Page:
We had negative operating cash flows since our inception and, as of March 31, 2020, had an accumulated deficit of $251.5 million. We anticipate that we will continue to incur negative operating flows for at least the next several years. Our recurring negative cash flows from operations, net working capital (current assets less current liabilities) deficit and stockholders' deficit raise substantial doubt about our ability to continue as a going concern. We expect that our only source of revenues will be through payments arising from our license agreements with KVK and Commave, or through any other future arrangements related to one of our other product candidates. Accordingly, our ability to continue as a going concern may require us to obtain additional financing to fund our operations. The perception of our inability to continue as a going concern may make it more difficult for us to obtain financing for the continuation of our operations and could result in the loss of confidence by investors, suppliers and employees. Adequate additional financing may not be available to us on acceptable terms, or at all. To the extent that we raise additional capital through the sale of equity or debt, the terms of these securities may restrict our ability to operate. If we raise additional funds through collaborations, strategic alliances or marketing, distribution or licensing arrangements with third parties, we may be required to relinquish valuable rights. If we are unable to raise capital when needed or on attractive terms, we could be forced to delay, reduce or altogether cease our research and development programs or future commercialization efforts.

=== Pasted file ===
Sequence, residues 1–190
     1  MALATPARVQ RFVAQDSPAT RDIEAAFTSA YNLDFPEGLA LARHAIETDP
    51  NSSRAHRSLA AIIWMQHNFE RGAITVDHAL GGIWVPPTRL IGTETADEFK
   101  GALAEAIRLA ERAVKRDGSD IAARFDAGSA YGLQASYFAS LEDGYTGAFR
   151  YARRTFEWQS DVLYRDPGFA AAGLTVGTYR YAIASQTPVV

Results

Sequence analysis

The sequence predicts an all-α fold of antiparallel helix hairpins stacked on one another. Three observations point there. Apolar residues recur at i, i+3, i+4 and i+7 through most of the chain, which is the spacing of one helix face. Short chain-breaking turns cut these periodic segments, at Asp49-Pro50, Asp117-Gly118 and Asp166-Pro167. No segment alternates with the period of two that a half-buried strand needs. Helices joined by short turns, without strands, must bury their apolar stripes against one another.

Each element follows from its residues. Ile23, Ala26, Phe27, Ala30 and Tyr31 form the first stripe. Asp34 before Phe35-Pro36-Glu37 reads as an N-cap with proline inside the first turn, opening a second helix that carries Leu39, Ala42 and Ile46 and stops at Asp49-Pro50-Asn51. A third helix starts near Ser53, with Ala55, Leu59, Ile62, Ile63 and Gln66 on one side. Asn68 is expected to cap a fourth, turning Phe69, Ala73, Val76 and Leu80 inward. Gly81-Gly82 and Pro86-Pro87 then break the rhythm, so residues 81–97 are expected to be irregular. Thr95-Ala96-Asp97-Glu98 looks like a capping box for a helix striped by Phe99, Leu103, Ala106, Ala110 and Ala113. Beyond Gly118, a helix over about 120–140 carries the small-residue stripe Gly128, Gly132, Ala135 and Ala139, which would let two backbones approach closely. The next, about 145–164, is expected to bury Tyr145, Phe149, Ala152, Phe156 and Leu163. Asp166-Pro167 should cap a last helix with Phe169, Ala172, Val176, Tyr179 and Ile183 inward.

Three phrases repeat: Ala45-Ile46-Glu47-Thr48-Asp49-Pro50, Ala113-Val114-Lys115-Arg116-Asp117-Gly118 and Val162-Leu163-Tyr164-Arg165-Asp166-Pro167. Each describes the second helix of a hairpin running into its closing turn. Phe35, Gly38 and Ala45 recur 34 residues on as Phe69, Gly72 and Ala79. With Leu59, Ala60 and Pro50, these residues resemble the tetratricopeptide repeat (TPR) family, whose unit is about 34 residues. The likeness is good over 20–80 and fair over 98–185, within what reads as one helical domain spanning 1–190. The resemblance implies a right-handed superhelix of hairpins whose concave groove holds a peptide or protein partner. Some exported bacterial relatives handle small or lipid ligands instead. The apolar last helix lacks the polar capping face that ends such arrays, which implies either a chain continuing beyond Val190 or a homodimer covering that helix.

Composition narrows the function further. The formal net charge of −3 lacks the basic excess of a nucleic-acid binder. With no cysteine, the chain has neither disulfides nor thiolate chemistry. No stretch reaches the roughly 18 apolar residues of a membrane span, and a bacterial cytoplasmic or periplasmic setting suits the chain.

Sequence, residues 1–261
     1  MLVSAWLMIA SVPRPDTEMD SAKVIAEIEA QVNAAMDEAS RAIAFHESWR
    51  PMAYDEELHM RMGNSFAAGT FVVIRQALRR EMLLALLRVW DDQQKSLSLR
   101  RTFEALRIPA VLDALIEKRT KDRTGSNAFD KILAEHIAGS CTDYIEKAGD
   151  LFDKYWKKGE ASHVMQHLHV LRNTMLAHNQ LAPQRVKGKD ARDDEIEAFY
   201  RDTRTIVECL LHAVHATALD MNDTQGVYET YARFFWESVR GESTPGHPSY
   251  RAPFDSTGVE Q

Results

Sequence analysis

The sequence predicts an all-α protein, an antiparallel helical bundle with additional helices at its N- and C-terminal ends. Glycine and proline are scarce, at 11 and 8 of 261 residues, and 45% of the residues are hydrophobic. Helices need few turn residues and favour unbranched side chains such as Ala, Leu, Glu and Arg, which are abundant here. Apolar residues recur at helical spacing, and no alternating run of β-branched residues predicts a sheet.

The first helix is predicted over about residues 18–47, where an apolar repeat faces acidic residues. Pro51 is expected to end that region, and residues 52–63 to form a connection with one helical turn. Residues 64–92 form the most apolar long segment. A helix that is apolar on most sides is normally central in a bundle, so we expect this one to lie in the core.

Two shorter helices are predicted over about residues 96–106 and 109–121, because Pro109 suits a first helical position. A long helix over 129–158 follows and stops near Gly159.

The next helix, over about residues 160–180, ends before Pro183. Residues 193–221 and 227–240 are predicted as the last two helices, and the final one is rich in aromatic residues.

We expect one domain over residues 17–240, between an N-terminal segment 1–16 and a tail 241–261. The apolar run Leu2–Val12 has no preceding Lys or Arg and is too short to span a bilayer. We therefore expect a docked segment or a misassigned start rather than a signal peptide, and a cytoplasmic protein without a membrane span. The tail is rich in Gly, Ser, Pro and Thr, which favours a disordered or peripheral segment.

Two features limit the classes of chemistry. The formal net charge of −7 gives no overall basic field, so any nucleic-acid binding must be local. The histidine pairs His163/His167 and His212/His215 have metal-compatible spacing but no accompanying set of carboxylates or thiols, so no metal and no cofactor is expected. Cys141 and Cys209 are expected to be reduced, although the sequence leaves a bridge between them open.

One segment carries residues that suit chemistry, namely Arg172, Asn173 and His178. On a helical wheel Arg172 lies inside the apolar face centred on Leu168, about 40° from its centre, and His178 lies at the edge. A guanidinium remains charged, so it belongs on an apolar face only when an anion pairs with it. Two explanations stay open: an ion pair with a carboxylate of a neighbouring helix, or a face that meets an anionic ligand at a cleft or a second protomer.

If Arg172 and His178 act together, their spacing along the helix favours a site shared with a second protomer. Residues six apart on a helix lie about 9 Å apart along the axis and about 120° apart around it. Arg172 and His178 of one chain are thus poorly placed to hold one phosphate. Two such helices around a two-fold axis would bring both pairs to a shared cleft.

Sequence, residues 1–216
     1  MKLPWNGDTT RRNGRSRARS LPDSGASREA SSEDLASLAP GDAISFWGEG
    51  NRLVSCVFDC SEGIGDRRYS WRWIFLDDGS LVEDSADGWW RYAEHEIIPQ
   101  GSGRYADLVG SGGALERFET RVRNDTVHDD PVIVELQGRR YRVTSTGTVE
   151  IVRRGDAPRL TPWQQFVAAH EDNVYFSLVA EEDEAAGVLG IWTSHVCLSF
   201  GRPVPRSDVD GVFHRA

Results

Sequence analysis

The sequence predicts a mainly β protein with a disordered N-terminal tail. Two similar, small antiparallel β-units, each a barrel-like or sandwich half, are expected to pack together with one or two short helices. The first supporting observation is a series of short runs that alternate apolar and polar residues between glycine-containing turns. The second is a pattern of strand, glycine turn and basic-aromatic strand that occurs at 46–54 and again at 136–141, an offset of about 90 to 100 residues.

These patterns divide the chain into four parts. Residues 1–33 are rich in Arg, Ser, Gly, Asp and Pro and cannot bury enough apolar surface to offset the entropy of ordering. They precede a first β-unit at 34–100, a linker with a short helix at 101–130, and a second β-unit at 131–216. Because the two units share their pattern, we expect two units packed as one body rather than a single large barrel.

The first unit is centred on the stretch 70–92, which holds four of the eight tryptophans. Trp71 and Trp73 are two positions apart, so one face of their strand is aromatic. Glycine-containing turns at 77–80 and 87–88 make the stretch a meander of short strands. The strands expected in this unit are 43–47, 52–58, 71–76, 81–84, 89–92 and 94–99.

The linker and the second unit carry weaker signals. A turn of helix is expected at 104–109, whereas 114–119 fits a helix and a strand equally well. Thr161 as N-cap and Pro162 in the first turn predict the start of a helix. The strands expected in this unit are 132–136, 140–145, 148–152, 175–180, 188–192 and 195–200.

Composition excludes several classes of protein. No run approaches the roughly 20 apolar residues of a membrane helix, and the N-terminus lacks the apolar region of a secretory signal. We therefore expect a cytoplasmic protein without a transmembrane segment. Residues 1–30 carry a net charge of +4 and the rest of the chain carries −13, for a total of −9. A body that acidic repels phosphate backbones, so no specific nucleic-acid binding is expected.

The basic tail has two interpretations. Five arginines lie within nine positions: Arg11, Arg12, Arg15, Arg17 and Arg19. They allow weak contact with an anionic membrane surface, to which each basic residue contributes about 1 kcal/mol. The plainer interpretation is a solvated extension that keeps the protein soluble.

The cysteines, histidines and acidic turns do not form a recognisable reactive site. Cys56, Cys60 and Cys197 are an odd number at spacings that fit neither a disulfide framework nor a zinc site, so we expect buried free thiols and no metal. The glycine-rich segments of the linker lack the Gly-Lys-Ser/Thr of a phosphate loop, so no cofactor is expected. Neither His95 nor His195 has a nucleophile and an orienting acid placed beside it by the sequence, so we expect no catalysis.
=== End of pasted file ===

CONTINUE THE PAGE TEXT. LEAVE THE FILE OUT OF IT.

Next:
In March 2020, the World Health Organization declared the outbreak of COVID-19, a novel strain of Coronavirus, a global pandemic. This outbreak is causing major disruptions to businesses and markets worldwide as the virus spreads. We cannot predict what the long-term effects of this pandemic and the resulting economic disruptions may have on our liquidity and results of operations. The extent of the effect of the COVID-19 pandemic on our liquidity and results of operations will depend on a number future developments, including the duration, spread and intensity of the pandemic, and governmental, regulatory and private sector responses, all of which are uncertain and difficult to predict. The COVID-19 pandemic may make it more difficult for us to enroll patients in any future clinical trials or cause delays in the regulatory approval of our product candidates, including causing potential delay of the FDA’s review of our KP415 NDA. A significant portion of our projected revenue is based upon the achievement of milestones in the KP415 License Agreement associated with regulatory matters that may be impacted by the COVID-19 pandemic. As a result, we cannot predict what, if any, impact that the COVID-19 pandemic may have on our ability to achieve these milestones. The economic uncertainty surrounding the COVID-19 pandemic may also dramatically reduce our ability to secure debt or equity financing necessary to support our operations. We are unable to currently estimate the financial effect of the pandemic. If the pandemic continues to be a severe worldwide crisis, it could have a material adverse effect on our business, results of operations, financial condition, and cash flows.